Why does skin wrinkle and not dissolve when wet?

When human skin is submerged in water the sebum is washed away faster than the body can produce it. Once exposed, the skin begins to absorb water, which causes the surface area of the skin to swell. To compensate for the increased surface area, our skin wrinkles.

Fortunately, when your skin wrinkles it maintains its structure. It doesn’t just fall apart and dissolve into the water. The skin’s resilient stretchiness comes from an intricate network of fibrous proteins called keratin, which make up the outermost layer of the skin, as well as hair and nails.

The keratin fibers are helical when dry but straighten out as water is absorbed, which allows the network to hold a greater volume of water. All the contacts between the keratin fibers remain intact throughout the expansion, and this makes the material structurally stable. Read more here, here or here.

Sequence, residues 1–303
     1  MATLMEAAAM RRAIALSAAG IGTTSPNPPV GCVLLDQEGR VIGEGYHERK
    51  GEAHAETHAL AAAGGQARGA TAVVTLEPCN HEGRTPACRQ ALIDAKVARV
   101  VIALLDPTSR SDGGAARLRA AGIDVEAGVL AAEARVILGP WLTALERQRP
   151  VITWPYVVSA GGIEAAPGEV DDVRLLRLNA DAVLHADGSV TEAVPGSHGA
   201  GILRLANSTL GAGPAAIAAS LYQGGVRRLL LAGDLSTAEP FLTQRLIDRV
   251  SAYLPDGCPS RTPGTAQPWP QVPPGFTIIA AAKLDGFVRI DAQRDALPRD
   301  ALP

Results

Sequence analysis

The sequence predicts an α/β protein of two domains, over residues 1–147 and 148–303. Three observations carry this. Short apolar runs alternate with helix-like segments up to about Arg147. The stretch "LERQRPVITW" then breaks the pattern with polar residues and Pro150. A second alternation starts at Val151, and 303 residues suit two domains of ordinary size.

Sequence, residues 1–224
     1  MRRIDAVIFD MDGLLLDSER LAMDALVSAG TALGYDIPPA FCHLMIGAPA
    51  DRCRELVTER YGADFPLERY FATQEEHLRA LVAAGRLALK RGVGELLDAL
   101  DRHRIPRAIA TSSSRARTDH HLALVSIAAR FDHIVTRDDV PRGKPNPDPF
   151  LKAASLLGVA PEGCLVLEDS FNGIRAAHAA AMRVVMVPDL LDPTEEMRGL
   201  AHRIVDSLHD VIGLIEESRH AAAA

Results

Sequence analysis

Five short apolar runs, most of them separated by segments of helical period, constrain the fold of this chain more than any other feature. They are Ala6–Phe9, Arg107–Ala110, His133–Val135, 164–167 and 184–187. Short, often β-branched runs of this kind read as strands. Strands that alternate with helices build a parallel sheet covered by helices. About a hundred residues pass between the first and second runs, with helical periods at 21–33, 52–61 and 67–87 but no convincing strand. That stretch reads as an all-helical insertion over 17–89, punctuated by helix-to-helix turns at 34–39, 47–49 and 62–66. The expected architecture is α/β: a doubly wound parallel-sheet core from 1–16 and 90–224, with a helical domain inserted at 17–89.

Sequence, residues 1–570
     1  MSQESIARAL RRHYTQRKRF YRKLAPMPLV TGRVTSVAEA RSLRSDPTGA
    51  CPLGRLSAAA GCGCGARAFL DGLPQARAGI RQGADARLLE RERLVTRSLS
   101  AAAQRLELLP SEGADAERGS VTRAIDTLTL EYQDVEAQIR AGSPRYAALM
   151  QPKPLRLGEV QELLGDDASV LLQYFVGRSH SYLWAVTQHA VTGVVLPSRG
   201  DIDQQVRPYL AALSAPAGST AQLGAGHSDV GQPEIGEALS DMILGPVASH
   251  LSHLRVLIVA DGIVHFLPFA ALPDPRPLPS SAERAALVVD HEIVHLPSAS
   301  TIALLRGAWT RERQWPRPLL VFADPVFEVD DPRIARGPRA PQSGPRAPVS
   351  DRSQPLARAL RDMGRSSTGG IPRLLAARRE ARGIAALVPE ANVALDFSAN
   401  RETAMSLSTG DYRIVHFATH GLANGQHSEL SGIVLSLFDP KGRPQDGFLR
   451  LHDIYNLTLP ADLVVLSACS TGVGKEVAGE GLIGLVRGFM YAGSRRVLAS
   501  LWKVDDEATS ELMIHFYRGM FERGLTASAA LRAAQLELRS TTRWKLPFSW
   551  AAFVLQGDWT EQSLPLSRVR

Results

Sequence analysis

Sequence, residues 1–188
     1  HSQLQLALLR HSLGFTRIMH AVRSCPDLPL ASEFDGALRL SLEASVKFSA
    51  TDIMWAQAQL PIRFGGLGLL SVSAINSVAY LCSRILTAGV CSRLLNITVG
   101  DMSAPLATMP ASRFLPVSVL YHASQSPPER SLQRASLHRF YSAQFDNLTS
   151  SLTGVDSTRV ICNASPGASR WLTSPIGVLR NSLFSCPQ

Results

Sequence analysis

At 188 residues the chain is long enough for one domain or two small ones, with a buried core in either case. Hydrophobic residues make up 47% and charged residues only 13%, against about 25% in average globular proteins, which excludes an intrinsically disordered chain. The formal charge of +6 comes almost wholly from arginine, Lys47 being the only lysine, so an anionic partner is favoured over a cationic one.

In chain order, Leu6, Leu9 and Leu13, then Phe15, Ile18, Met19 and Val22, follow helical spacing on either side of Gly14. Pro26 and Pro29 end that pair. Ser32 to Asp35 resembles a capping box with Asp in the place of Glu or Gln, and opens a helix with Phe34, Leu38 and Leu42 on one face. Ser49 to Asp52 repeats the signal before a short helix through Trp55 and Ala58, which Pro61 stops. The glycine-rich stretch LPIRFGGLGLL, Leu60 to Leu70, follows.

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One Response to “Why does skin wrinkle and not dissolve when wet?”

  1. Sheryl VanVleck Says:

    So, I am presuming that Keratin also might have something to do with what happens to our face/skin as we age? ‘Cause, seems like it could be an easier fix with moisturizers etc. I have had good luck with (are you ready) CARMEX. Go figure.

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